On day four we woke to a frosty 28 degrees Fahrenheit. We warmed up though at the local Annie Creek Restaurant with some hot coffee and breakfast. As we drove along the east rim to the Mount Scott trailhead the sky was blue and clear. We hiked for about an hour to this highest point in the park, which stands just less than 9,000 feet. The view of the once massive volcano Mount Mazama, now known as Crater Lake, was superb! We could see about 100 miles in each direction; to the north the Three Sisters, and to the south Mount Shasta. As noon approached we hiked back down the mountain and ended our trip with a late lunch. There was a definite chill in the air, fall had arrived.
Our 4-day trip to learn more about central Oregon’s historic past started with a call from the interpretive ranger at Fort Rock. The 100-degree heat wave hitting the region was cause for canceling our visit to the Fort Rock Cave for safety concerns and the threat of extreme fire danger. The cave is a significant archaeological site where shoes dating back 10,000 years were discovered and public entry is limited to just a handful of people each year. Sadly, but understandably, we were not able to visit the cave and I had to amend our trip to Oregon’s high desert on the fly. Fortunately, everything worked out.
Volunteer Leader: Mark Hougardy | Organization: Eugene-based Hiking Club | Date: July 2018 | Duration: 4 days | Participants: 7 | Type: A 4-day exploration of central Oregon’s rich cultural heritage, dynamic geology, and the majestic night sky. Car camping, hiking, and lots of open space.
On our first day, we arrived at the massive caldera located in the heart of the Newberry National Volcanic Monument. We visited the double 80-foot Paulina Falls and ate lunch overlooking the stream. We located two adjoining campsites on the picturesque East Lake, and just in time as the park was busy. In the afternoon we hiked the impressive Obsidian Flow trail, a massive flow of volcanic glass and pumice 17 stories tall. Returning to camp we enjoyed a swim in the cool and clear waters of East Lake. Afterward, we hiked on the beach to the local resort and were reminded of the subtle, yet abrasive qualities of volcanic glass on the feet. At the lodge, we enjoyed a delicious meal and had some good laughs with the staff. The radio in the background was playing a tribute to Tom Petty. We walked about a mile back to camp. That night we listened to acapella hymnals from a Mennonite group camping nearby.
On day two we drove to the top of Paulina Peak. The peak is 7,984 feet and sits in the middle of Oregon. The views are impressive; to the north, we could see the massive stratovolcano, Mount Hood, then down the spine of the Cascades to the steep-sided Mount McLoughlin close to the California border – a distance of about 300 miles! To our south was our next stop, the iconic shaped Fort Rock, a volcanic landmark named for the tall fort-like walls. We left Paulina Peak and drove for about an hour. Out first stop was the Fort Rock Homestead Museum, an open-air collection of historic structures. This is where I learned about a shortcut of a backroad to Derrick Cave, a remote lava tube that we had hoped to visit. Apparently, the private landowner had closed the shortcut because visitors were not closing a gate and his cows were escaping. The alternate route would have involved about a 50-mile detour on forest and back roads. This was tabled until another visit. Our next stop was the massive Fort Rock a horseshoe-shaped tuff ring that rises 300-feet over the surrounding flat landscape. We hiked for about an hour in the heat then drove to the town of Christmas Valley for ice. We continue on a short distance to Crack in the Ground, a 2-mile long tension fracture where we could hike and scramble over boulders about 30 feet underground. The temperature at the surface was 95 degrees, in the fissure it was a comfortable 70 degrees with some pockets of air in the lowest sections that we were chilling. Late that afternoon we stayed at the Rockhorse Ranch where we pitched our tents and gleefully enjoyed their shower! A celebrity at the ranch’s store was a black cat named, “Scratchy.”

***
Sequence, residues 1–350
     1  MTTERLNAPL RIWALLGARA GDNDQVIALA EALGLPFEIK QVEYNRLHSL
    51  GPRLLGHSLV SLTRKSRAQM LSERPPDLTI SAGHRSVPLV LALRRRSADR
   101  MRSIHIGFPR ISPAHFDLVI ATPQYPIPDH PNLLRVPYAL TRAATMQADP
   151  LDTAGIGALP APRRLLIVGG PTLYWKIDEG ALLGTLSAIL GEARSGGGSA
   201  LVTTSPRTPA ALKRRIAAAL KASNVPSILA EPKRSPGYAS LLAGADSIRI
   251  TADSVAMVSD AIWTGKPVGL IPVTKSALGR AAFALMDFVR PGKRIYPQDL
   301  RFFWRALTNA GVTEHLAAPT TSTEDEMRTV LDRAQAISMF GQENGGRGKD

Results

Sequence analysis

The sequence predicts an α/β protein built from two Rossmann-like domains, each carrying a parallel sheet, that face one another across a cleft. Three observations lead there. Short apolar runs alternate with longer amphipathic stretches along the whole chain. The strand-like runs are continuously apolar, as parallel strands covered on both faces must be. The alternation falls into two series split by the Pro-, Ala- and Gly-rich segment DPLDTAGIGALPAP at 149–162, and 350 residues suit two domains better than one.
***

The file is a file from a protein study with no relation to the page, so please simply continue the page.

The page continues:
On day three we drove a short distance to Hole in the Ground, a crater that is a mile wide and 500-feet deep. Once thought to be a meteor impact the formation was actually caused by magma contacting groundwater. The resulting flash (there were many over the millennia) formed the massive hole we see today. The steep hike down the side was dusty and the walk up the forest service road was blazing hot. Near the end of our hike, three cars zipped up the road in a cloud of thick dust. The vehicles looked as though they were from the set of a Mad Max movie. The last car to pass was missing the driver-side door; the driver was wearing thick goggles. The rag-tag group waved as the passed. These were participants in the Gambler 500, a navigational adventure for cars whose value is no more than $500. Later that day we visited the High Desert Museum for a closer look at the cultural and natural history of the region, and we explored by flashlight the 1-mile long Lava River Cave, the longest continuous lava tube in Oregon. The cave was a welcome 42 degrees! As the sun lowered in the sky we made our way about 30 miles east of Bend to the Pine Mountain Observatory, an astronomical observatory operated by the University of Oregon. The center sits near the top of Pine Mountain at an elevation of 6,509 feet. We made camp, ate dinner, watched the sunset, and enjoyed the various telescopes of the facility. There were close-up views of Jupiter, Saturn, Venus, Mars, nebulae, globular clusters, and various astronomy talks from UO instructors. Most impressive was a view of Jupiter and several moons through the 24-inch scope.